Stipulative definition, on the other hand, is not based on how words are or have been used but on what we intend them to mean. Such a definition defines a word narrowly within the context of the text at hand. Both parties agree to agree on the meaning of a term, and its validity is limited. Such definitions are commonly found in contracts and legal documents, where the scope of reference is the universe covered by the instrument in which they are defined.

Of the definitions given below, the only true lexical definition is the one taken from Merrian-Webster’s Third International Dictionary, Unabridged. The others are what might be described as ad-hoc or subjective definitions, being based not on consensus or the accumulated weight of multiple instances of use, but on a personal assessment by the author of how or what the word means. As such they are of limited utility in terms of what might be referred to as a “canonical definition” of tango. However, taken together they provide a picture of what tango has been and how it should be understood. In that sense, they are attempts at what is known as “real definition,” which is not a true definition—which interprets the meaning of a sign by means of other signs—but an attempt to analyze a thing by means of another thing or the properties of that thing. It is fundamentally an attempt to grasp the essence or essential meaning of that thing. Such real definitions assume that we already know the meaning of the word but wish to understand how the reality underlying the word is to be understood in everyday life. When Plato, for example, attempts to define the meaning of “eros,” or “truth,” or the “good,” he is not asking his interlocutors for a definition of the word itself, for it is assumed they know what it means. Rather, he is asking them to contemplate the reality of how such things are to be apprehended in everyday life.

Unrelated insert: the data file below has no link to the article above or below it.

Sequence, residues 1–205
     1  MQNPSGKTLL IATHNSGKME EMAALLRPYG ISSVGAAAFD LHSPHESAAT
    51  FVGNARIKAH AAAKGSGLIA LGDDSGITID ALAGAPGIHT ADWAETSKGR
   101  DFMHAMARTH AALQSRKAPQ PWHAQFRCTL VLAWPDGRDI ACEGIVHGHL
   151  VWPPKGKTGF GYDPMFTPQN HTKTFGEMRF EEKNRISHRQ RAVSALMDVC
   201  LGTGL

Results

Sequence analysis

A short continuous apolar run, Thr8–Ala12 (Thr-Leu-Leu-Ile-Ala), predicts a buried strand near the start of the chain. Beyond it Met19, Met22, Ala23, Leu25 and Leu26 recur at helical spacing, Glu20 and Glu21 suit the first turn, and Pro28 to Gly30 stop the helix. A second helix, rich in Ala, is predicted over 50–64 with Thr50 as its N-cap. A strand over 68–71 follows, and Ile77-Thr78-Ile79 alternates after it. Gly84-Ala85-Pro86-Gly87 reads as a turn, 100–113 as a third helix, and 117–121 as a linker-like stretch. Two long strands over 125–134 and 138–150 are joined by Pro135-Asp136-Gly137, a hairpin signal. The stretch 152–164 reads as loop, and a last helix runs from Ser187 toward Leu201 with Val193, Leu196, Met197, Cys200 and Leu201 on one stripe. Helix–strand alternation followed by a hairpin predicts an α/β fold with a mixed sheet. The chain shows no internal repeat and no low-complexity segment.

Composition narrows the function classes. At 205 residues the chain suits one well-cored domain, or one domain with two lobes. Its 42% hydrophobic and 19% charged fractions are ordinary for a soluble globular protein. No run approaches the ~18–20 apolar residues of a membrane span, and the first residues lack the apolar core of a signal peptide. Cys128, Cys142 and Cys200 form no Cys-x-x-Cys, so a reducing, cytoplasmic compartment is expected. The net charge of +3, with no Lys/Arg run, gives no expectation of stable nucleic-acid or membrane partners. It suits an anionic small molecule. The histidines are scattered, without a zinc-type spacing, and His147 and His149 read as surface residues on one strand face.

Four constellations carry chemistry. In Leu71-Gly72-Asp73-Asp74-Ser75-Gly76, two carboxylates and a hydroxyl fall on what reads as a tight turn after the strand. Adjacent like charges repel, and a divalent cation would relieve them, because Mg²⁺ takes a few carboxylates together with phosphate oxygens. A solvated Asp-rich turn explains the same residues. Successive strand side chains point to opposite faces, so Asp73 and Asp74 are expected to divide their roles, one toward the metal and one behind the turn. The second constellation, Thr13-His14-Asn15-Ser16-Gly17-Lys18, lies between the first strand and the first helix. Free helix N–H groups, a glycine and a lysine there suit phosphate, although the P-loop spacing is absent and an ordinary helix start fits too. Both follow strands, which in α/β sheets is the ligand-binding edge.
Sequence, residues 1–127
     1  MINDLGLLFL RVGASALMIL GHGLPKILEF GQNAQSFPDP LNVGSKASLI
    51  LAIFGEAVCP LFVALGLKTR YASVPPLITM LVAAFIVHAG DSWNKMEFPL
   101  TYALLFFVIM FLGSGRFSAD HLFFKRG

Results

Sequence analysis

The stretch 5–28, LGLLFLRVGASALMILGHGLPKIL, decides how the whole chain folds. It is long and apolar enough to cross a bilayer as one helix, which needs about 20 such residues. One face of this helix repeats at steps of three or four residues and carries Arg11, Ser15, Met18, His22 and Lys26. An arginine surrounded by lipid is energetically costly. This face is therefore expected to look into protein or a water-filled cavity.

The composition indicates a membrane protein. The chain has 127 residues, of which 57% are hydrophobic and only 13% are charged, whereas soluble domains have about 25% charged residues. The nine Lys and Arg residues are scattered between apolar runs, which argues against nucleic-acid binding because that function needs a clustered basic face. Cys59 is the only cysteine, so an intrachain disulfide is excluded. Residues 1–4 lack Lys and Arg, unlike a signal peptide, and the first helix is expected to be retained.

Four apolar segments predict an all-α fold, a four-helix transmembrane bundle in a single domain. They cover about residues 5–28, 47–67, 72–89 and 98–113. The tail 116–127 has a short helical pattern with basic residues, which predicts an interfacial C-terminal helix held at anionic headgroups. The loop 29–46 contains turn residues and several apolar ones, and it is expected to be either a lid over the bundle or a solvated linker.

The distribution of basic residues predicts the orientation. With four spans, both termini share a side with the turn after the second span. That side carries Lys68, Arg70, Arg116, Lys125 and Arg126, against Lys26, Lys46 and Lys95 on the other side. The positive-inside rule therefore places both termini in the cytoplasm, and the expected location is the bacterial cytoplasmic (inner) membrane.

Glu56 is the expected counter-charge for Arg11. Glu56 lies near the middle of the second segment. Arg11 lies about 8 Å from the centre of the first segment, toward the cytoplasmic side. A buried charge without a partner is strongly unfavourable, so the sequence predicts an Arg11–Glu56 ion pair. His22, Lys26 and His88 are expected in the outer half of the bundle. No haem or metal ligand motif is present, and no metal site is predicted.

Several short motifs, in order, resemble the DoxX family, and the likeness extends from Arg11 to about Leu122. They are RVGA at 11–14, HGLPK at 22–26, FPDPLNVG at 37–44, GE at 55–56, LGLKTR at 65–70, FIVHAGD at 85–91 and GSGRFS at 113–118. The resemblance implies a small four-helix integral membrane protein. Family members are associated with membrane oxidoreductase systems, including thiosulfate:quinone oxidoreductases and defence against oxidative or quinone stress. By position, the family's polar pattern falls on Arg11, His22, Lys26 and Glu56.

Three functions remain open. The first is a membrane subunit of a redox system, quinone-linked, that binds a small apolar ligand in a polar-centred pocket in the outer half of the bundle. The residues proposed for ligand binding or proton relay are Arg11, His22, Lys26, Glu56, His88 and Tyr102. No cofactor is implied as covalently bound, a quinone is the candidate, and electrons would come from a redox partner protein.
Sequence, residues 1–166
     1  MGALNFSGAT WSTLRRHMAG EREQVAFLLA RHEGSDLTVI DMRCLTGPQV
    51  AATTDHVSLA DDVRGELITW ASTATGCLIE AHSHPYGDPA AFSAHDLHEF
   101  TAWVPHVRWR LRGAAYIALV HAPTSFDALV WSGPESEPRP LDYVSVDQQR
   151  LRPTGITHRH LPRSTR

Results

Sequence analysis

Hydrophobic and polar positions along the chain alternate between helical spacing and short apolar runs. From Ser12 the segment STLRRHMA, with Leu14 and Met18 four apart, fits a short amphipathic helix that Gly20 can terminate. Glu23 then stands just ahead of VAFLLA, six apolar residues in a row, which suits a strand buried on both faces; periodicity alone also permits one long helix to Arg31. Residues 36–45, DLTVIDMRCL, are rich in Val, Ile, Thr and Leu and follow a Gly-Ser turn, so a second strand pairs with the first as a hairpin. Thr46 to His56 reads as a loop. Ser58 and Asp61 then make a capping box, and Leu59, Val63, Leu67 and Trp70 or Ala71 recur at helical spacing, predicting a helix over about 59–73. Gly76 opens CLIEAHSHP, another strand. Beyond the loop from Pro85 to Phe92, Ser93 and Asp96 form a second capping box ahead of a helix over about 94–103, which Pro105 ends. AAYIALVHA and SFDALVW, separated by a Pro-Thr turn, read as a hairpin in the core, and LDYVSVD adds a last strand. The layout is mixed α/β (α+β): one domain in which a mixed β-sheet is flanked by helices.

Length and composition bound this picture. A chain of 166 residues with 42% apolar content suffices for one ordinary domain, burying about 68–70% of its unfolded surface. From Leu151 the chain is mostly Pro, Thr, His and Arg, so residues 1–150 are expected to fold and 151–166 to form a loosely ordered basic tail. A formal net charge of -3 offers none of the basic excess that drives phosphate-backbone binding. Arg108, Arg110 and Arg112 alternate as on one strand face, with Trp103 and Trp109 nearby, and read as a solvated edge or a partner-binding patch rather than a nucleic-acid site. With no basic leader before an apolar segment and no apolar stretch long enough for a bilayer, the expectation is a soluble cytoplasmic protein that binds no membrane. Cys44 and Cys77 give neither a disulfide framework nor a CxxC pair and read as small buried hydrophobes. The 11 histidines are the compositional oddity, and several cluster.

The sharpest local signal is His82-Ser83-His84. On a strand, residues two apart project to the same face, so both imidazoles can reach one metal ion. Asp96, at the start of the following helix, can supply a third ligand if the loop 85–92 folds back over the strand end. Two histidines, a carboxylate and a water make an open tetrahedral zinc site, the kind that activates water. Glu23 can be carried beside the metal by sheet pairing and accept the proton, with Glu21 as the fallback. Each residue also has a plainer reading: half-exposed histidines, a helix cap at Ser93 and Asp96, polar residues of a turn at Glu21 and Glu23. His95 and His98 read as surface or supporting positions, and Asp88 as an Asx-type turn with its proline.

As such, many of the definitions below are asking us to consider what we really believe to be the essence of tango and how we experience it in our everyday life, this “ballroom dance originating in Buenos Aires.” 

“A ballroom dance of Spanish-American origin in 4/4 time characterized by posturing, frequent pointing positions, and a great variety of steps.” – Webster’s Third International Dictionary, Unabridged.

“The serpent of the brothel.” Leopoldo Lugones in El payador, 1916 (quoted in Horacio Salas, El Tango).

“Tango is always a man facing a woman he desires. The mechanism of the steps is no longer apparent. It is an improvisation for two to the rhythm of the orchestra, the universe reduced to a couple.” (quoted in Edgardo Cozarinsky, Milongas).

“The tango is a jeremiad of the effeminate, the belated awakening of a woman unaware of her femininity. It is the music of degenerates who reject proletarian clothing, whose greasy haired women abandon the factories for the bordellos…The tango is insane. The sensuality it displays is one of inhibition, timidity, and fear. The music of other nations is frankly sensual, ingeniously sexual. In the tango, sensuality is affected, artificially created.” Leónidas Barletta (quoted in Salas, El Tango).